Monday, June 25, 2018


The floor of the Madeleine church is high above street level. The building sits on a podium, its roof supported by a Corinthian colonnade that runs around all four sides. I took these photos on the western side of the church, looking both southward and northward.

Looking south toward the front of the building and the rue Royale.

The building's architectural style is, as I've mentioned, neoclassical. But it's more than that. The building is a 19th century replica of the classic greco-roman temple. The podium, the rectangular plan, the columns, the front portico, and the triangular pediment are all elements of the Roman temple style.

Looking north toward the back of the building along the western colonnade.

Examples of this building type survive antiquity. One of the more well-known of them in France is the Maison Carrée in the southern city of Nimes, built in the second century AD. Perhaps the most famous of the ancient temples is the Parthenon in Athens, Greece, completed over 400 years earlier.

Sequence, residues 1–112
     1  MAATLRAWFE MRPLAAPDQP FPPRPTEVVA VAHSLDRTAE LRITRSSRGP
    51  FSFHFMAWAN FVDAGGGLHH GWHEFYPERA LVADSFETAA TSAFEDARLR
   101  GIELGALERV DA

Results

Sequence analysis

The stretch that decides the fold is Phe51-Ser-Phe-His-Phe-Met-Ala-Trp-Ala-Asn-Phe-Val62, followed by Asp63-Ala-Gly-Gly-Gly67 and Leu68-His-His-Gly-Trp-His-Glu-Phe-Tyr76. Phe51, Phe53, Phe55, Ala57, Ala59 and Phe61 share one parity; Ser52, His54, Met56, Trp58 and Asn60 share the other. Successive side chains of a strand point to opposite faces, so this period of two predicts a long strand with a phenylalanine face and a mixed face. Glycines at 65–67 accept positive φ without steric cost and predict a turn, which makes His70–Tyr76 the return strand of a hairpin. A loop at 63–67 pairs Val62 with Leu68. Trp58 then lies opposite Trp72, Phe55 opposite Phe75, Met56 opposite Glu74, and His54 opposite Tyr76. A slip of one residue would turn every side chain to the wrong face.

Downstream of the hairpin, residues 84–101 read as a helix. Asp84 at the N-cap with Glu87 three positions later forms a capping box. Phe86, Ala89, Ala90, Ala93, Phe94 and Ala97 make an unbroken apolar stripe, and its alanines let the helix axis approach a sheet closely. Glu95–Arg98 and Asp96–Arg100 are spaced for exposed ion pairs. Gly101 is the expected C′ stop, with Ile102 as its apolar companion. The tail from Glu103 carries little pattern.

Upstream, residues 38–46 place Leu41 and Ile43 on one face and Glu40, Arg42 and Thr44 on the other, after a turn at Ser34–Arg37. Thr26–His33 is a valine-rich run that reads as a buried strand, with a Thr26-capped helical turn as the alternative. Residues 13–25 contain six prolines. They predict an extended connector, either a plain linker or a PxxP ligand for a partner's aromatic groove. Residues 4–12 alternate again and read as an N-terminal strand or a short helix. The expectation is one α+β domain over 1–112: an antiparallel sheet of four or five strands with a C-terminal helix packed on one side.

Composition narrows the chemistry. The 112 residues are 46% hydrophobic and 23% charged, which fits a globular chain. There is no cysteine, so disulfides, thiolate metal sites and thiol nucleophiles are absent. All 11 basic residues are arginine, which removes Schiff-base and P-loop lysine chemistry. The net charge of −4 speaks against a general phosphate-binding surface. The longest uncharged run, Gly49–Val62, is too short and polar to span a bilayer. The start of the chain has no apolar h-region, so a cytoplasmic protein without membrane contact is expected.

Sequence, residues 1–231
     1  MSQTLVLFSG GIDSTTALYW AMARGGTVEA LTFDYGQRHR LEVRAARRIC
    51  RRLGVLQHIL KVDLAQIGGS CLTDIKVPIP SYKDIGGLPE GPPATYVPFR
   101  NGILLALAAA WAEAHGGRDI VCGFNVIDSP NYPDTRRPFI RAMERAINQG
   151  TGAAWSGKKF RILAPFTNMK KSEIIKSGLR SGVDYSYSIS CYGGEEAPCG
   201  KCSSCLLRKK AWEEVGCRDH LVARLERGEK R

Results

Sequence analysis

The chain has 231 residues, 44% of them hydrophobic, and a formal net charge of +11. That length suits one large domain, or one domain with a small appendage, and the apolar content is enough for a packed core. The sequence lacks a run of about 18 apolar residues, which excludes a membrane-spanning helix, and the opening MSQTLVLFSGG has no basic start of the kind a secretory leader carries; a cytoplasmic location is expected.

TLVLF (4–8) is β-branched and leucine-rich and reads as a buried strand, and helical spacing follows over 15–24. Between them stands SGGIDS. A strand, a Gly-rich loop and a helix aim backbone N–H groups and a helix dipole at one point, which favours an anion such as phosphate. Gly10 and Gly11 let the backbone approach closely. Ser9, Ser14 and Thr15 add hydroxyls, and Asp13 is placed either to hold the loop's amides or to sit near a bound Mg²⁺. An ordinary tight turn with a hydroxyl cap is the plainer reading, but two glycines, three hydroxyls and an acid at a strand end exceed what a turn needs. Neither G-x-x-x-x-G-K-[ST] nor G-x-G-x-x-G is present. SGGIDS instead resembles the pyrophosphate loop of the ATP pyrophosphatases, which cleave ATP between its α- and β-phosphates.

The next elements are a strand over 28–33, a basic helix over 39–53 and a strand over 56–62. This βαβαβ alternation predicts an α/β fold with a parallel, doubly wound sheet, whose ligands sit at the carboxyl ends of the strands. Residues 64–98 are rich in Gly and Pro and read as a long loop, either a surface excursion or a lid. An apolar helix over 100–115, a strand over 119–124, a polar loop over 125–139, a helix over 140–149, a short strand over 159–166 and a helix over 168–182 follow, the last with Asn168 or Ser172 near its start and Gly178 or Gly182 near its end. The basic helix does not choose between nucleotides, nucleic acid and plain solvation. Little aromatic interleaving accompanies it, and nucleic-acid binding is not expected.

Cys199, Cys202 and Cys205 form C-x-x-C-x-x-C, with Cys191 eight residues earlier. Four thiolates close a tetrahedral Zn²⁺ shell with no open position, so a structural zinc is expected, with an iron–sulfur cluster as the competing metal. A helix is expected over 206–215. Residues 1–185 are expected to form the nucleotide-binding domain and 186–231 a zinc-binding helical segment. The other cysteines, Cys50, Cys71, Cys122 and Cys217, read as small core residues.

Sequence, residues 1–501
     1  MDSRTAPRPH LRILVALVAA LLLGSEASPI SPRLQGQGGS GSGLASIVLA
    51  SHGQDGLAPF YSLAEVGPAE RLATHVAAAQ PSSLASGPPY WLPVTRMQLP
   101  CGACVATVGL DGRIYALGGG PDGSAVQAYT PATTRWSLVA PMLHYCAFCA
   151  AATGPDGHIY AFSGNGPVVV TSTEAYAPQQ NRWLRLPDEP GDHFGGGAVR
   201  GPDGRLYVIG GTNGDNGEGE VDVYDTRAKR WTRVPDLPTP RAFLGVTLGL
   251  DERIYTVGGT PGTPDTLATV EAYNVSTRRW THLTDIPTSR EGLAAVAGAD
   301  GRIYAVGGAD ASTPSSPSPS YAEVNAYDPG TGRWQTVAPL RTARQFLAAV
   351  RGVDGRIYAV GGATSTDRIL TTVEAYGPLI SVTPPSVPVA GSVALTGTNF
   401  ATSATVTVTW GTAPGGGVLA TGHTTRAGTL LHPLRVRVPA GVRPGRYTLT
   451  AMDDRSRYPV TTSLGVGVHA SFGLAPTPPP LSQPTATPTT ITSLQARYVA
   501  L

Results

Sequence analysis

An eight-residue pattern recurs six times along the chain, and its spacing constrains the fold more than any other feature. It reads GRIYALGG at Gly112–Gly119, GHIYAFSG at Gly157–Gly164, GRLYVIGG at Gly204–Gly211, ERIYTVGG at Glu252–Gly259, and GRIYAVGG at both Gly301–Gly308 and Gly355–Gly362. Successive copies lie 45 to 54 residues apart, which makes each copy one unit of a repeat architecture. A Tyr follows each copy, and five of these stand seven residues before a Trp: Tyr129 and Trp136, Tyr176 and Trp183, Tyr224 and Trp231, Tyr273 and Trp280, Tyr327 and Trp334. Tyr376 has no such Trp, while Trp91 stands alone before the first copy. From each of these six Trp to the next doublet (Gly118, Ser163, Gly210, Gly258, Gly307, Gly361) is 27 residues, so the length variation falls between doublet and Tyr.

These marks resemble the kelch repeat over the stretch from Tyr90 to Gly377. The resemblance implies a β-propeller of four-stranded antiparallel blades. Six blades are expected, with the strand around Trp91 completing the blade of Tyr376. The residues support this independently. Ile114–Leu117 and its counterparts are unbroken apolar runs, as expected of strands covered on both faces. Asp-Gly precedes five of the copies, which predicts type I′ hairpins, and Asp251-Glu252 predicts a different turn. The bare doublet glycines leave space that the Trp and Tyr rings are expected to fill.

1. Nice marble pavement on the second photo.

  2. The scale and detail, magnificent.

  3. Divine proportion: golden ratio! Gorgeous picture.

  4. I've always wondered about that not-very-French-looking building. Thanks for the explanation.

  5. It is awesome in the literal sense.

  6. chm, I'm glad it showed up in the photo.

    mitch, judy, :)

    jan, merci !

    chris, sometimes I think I sound like a bad PBS documentary.

    michael, yes, it's quite an impressive building!

  7. Walt, you should try to get involved with the production of Des Racines et Des Ailes. :-)


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